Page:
4. Reboot your computer with GUI or with

You should get back to emergency mode but with perfectly functional shell/console.


Sours: https://ask.fedoraproject.org/t/howto-cannot-open-access-to-console-the-root-account-is-locked-in-emergency-mode-dracut-emergency-shell/2010
  1. 2018 chevy dually
  2. Hollow knight divine location
  3. Antique trunk hardware parts
  4. Nigerian horse tail meaning
  5. Pinoy movie free streaming

Linux / Raspberry Pi [3B,3B+,4] Emergency mode root account locked [Solution]

I restarted my Raspberry Pi today and wondered why after 5 minutes I still could not connect to my Pi via SSH. I’ve plugged a monitor and had the following error message:

The problem

I had a hard drive connected to my Raspberry Pi and mounted it. Then i’ve set up an automount via fstab. The problem was that I had a typo in it. I had entered txt4 instead of ext4 and that caused a total failure. Here is a screenshot:

The solution

First, we have to get to our system. We do that through the so-called minimum shell environment.

For this purpose, we turn off our Raspberry Pi, put the memory card in another computer and open the boot partition of the memory card. There we find the file cmdline.txt We attach following to this file:

We do not create a new line, just add the above command to the same line! In the end, the structure should look like this: ... elevator=deadline rootwait init=/bin/sh

After we have done that, we save the file and put the memory card in our Raspberry Pi. It is booted into the minimum shell environment.

Currently we are in “read only mode“. We get the write permission by mounting the root partition in read-write mode. This is done with the following command:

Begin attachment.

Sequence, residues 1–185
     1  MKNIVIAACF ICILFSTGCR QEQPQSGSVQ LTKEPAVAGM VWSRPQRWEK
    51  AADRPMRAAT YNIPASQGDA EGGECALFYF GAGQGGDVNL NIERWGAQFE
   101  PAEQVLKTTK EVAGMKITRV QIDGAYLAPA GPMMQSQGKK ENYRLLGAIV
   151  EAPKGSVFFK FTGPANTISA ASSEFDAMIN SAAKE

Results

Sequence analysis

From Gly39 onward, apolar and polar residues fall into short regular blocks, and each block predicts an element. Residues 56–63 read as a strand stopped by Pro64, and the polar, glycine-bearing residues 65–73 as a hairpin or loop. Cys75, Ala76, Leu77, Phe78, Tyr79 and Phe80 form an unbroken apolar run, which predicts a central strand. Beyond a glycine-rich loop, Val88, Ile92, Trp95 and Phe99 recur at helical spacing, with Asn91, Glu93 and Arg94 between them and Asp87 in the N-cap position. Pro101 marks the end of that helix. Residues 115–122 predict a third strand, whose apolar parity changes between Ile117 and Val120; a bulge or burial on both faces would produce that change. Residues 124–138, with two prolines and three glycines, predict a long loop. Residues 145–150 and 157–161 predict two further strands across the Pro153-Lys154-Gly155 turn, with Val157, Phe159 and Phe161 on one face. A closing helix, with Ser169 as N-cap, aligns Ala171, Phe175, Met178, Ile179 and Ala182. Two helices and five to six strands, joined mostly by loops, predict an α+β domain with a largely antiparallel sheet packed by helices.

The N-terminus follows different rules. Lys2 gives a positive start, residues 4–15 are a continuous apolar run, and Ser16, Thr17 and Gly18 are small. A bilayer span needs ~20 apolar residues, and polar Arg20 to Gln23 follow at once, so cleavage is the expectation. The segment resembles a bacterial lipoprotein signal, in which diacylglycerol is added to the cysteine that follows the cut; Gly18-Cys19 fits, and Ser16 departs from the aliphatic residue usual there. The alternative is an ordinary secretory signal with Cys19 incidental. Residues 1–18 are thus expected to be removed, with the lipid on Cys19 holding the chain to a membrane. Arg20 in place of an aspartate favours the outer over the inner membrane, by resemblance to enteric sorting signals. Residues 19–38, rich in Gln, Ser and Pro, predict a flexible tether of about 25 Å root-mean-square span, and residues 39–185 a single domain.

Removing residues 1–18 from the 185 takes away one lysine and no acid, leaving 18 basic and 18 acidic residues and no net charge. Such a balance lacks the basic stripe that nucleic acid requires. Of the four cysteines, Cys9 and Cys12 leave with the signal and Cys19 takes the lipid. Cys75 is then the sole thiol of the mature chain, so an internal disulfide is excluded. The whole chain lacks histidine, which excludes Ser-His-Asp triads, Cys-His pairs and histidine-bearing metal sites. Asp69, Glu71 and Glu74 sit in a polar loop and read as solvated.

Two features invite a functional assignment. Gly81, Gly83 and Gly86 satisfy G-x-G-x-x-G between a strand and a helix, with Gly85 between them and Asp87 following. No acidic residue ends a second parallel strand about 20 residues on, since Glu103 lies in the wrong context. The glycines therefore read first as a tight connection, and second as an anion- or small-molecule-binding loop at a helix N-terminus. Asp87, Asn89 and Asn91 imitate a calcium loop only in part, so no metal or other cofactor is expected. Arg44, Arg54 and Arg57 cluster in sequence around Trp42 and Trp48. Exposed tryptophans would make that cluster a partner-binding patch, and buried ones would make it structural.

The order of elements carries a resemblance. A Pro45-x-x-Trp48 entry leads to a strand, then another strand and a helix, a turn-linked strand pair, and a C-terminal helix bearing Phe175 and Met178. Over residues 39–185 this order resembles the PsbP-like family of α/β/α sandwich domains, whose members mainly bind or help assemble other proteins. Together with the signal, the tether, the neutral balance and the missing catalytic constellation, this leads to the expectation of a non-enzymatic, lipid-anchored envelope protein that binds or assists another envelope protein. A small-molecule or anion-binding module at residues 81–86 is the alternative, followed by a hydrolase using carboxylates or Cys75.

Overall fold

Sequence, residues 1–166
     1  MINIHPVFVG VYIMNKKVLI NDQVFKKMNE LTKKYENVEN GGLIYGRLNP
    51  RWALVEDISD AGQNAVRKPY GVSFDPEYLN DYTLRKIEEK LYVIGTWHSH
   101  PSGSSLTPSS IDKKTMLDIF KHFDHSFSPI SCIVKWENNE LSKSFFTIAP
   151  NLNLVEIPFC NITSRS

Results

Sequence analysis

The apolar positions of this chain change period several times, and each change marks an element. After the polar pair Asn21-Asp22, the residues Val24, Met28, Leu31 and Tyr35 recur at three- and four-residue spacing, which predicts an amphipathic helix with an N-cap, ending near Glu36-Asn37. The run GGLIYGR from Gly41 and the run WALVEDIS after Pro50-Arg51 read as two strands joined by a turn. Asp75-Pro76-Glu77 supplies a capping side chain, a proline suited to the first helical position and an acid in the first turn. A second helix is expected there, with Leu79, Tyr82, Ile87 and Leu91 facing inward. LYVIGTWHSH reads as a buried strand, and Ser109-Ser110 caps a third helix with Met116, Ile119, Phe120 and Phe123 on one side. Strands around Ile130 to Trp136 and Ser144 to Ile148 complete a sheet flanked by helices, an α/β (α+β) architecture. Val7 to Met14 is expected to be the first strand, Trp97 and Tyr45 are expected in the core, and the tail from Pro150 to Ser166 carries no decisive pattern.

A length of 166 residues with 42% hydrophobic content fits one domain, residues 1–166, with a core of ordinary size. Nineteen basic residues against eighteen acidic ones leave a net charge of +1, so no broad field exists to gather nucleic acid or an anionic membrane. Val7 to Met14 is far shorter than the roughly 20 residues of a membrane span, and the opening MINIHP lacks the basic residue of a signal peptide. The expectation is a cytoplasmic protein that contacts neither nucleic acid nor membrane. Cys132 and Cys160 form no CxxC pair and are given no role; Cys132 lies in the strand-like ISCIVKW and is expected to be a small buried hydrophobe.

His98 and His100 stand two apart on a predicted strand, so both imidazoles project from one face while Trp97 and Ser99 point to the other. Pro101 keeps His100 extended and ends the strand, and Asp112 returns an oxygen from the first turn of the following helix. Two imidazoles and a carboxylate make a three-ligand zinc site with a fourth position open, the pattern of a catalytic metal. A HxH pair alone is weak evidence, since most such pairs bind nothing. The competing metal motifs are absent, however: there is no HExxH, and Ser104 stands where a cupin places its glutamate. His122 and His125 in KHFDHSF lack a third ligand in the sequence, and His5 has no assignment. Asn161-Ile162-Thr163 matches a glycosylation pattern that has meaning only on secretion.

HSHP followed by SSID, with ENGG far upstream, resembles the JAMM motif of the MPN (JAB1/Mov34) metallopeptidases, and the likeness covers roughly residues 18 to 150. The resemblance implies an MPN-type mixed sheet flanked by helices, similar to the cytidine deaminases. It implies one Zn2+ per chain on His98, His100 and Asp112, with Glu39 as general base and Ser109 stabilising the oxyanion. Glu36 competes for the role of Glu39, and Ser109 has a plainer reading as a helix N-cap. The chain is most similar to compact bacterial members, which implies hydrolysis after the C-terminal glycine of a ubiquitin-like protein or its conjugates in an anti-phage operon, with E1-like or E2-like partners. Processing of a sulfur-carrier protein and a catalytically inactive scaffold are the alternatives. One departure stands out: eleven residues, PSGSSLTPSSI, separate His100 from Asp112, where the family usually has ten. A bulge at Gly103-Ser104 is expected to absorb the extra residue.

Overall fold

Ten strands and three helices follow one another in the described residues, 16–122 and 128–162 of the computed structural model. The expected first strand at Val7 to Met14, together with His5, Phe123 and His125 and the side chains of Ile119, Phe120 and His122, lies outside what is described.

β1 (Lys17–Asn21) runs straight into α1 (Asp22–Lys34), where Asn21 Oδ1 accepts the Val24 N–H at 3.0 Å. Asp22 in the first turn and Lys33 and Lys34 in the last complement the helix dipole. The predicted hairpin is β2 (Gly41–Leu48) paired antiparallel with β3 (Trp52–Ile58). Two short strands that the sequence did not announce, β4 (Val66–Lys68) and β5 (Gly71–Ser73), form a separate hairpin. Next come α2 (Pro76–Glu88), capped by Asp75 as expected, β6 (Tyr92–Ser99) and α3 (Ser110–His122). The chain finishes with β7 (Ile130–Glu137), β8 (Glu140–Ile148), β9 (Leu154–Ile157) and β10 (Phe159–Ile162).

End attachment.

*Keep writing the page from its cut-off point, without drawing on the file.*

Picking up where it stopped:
Here you will maybe notice that the keyboard layout does not correspond to your keyboard layout. Here is a picture of the layout you will need:

Now we are in read-write mode. This means we can edit fstab with the following command:

In fstab we now have to make the desired changes. I would recommend that you just delete the broken line and continue working in the right system via SSH.

When we have finished the file, we end the editor with Ctrl+X and confirm our changes.

Then we enter the following command twice:

After that we finish our work with:

You will receive many panic messages but do not be scared of it.

Now we can unplug our Raspberry Pi, put our memory card back into another computer, open the cmdline.txt in the boot partition and take out the previously added command (init=/bin/sh), save it and put the card back in our Raspberry Pi. Finished!

Talha Sariyürek
AuthorTalha SariyürekProgrammer and Booklover
Talha Sariyürek
Sours: https://talhasariyuerek.com/en/linux-raspberry-pi-3b3b4-emergency-mode-root-account-locked-solution/

krishraghuram / mess Public archive

Replying to comment above